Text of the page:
Mr. English and I spend a lot of time in Stockwell in London. For those of you who don’t know it, and I wouldn’t if it weren’t for Mr. English, it’s not the place that I would have necessarily expected to find fantastic food. You know what they say about English food. But last night, we went down to the local pub, where we’ve ordinarily just gone for beers, and sat down to a proper meal. When I tell you, it was one of the best meals I ever had in this country, and it was in the middle of gastro no man’s land! What a tremendous find. If you’re ever down south of the river, you have to try Canton Arms.
The ambiance is very dark wood, low key, British pub. The front room is full of intellectuals ruminating over pints and reading books in high-backed chairs. The wait staff is bright and young and cheerful, against the somber atmosphere, which makes me realize that I can’t remember if there was a fire going, or if it was them that made it feel so bright and cozy. Around the back of the bar is this large, quaint, wooden room, filled with a hodgepodge of different sized, very comfortable tables and chairs. Little votives in shot glasses winked and twinkled all over the dark room, giving it a starlight feel. Very modern meets old world. Very, I’ll say it again, cozy. Mr. English and I appropriated a corner table by the window, and looked at the menu. The beer and wine list is far more extensive than the dinner menu, but Mr. English tells me that the latter changes all the time, if not every day.
I was really surprised by the choices. Probably because I was unfairly biased against a gastropub in Stockwell to begin with, which is evidence that one should not be a place-ist eater. The starters included split pea and ham soup, braised cuttlefish with butter beans and olives, smoked salmon with what seemed to be house-pickled cucumbers, and a melange of beets with cow’s curd and rosemary and crisp bread crumbs resurrected from the excellent brown bread they served to start. I had the beets, a combination of carpaccio-thin white beets that I’d never seen before, and wedges of small golden and red beets. The beets, of course, were sweet, and lightly tossed in vinaigrette. On top was a white cloud of tart, creamy cow’s curd. And on top of that, extremely crisp and chunky wheat crumbs, and rosemary. It was so simple, and so good.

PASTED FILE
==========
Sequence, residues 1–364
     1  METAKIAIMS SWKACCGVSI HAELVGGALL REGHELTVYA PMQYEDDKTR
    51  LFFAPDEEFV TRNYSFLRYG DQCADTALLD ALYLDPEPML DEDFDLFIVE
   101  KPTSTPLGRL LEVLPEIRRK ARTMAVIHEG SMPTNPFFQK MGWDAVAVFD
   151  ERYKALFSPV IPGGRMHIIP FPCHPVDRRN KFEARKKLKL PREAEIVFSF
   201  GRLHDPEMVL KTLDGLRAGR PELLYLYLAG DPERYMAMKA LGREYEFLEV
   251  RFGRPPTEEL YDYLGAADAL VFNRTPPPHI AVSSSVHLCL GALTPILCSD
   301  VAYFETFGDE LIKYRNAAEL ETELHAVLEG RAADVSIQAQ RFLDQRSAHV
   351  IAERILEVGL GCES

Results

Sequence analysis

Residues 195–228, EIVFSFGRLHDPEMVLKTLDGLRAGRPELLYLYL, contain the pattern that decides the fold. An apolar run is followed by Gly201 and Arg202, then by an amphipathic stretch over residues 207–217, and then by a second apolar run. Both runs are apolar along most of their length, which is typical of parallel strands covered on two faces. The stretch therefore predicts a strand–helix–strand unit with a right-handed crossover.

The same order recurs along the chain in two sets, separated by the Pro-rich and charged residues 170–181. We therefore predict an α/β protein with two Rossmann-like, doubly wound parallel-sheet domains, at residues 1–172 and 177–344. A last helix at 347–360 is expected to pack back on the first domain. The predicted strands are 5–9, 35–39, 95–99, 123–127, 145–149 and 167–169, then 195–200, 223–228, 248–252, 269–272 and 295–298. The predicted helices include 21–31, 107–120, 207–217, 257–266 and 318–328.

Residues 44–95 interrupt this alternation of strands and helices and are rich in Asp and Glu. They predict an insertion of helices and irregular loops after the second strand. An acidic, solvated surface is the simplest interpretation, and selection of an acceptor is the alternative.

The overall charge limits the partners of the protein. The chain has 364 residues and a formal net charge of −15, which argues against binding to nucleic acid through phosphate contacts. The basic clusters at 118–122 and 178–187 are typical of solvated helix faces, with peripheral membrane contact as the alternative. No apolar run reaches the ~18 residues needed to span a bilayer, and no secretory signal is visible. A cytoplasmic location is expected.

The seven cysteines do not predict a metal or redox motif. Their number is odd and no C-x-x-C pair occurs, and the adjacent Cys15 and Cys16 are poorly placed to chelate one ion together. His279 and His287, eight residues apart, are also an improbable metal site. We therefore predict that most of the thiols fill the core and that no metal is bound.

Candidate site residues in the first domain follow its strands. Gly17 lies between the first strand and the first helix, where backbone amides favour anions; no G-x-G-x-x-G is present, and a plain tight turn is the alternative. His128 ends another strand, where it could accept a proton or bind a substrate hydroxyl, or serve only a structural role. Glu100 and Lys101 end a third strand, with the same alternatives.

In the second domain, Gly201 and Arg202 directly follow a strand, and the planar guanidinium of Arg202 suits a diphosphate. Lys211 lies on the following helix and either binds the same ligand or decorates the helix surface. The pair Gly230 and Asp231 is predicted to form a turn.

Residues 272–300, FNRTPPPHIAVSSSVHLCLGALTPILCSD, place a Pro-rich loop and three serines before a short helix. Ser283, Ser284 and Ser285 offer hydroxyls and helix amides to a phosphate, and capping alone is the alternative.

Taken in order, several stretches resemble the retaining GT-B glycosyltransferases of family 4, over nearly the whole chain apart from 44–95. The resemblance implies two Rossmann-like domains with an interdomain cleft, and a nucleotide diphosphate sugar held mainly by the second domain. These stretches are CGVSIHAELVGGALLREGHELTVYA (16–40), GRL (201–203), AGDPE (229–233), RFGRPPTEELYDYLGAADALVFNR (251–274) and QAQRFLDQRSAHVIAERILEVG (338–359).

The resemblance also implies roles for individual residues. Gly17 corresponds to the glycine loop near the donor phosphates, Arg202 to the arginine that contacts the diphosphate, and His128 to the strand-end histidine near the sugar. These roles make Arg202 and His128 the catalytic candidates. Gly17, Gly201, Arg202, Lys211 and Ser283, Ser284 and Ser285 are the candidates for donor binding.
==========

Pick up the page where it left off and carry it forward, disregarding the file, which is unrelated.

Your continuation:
The mains included black bass with crab risotto and monk’s beard, pork belly, cassoulet, and gnocchi. When my gnocchi first arrived bubbling in a gratin dish, I had it inside out. I thought the little chunks around the perimeter were the gnocchi, and I asked Mr. English, “what’s this thing in the middle?” As it turns out, the thing in the middle was one giant, genius, rectangular, fluffy-as-air gnocchi, smothered in a cauldron of excellent tomato sauce studded with roasted squash and chard. The top of the gnocchi slab was gratined with Parmesan cheese–sort of a gnocchi parmesan, instead of chicken or eggplant. It was truly delicious.
To wash it all down, I had the cocktail of the day: rhubarb and prosecco. And for dessert, a lemon cream pot, topped with a shot of crème de cassis, and an English shortbread cookie.
I loved it because it was this cold, windy, brutal English night, in a part of London that can, in all honesty, appear bleak. There is a lot of grayness here. But what I love about the English is that in the grayscape about them, they create points of color. A whimsical hat perched at a bright angle like a tropical bird. A planter full of pansies down the street. Bright scarves and floral prints. And a gastropub that twinkled with votives in the night, and that served fresh, colorful, English food that cheered up the eyes, and filled up the stomach in that hearty-meets-frivolous English way. I love the pride they are taking in their cuisine right now, and especially in their ingredients. I left feeling warm.
So sorry I don’t have pictures of the food from last night. I tried, but the lighting made it impossible!